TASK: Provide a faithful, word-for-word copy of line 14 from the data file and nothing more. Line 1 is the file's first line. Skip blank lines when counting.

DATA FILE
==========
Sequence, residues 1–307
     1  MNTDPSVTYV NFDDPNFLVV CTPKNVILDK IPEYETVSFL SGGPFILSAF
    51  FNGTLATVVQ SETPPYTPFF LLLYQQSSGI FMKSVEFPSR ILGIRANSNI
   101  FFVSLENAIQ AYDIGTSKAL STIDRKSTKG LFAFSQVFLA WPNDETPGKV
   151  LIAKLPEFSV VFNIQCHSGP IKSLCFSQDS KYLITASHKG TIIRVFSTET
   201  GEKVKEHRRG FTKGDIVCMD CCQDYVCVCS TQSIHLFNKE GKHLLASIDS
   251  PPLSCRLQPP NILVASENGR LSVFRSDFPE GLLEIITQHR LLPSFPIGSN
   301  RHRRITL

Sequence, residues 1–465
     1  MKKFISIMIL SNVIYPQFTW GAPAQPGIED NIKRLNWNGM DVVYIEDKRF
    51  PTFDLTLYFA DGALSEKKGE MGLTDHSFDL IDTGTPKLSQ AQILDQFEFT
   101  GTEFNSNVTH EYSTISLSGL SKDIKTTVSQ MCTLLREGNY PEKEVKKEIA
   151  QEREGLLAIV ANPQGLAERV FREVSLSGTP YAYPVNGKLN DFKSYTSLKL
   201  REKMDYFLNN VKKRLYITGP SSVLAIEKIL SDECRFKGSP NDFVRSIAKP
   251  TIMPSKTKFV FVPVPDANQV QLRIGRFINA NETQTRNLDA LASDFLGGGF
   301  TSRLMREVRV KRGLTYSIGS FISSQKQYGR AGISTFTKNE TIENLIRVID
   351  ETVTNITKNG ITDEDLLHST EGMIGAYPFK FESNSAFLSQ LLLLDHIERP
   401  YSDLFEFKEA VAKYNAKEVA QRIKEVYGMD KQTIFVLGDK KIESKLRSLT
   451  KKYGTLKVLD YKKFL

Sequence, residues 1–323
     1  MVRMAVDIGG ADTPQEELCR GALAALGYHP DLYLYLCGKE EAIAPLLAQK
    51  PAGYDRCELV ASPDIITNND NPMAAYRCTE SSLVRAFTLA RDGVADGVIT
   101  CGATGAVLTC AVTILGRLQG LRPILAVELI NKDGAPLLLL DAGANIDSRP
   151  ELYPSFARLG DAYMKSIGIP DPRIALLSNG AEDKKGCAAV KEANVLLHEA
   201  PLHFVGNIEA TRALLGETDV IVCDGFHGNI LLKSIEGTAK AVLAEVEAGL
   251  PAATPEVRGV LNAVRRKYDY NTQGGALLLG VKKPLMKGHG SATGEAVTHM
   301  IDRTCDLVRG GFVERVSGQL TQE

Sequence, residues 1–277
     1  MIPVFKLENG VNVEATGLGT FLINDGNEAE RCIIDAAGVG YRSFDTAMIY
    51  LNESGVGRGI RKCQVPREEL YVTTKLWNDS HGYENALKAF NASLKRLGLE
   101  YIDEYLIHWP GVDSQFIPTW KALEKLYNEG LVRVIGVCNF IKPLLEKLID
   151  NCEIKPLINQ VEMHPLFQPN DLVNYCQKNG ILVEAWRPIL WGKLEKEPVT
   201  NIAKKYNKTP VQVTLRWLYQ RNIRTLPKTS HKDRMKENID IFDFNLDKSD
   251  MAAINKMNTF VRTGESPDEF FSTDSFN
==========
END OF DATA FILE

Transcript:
   201  REKMDYFLNN VKKRLYITGP SSVLAIEKIL SDECRFKGSP NDFVRSIAKP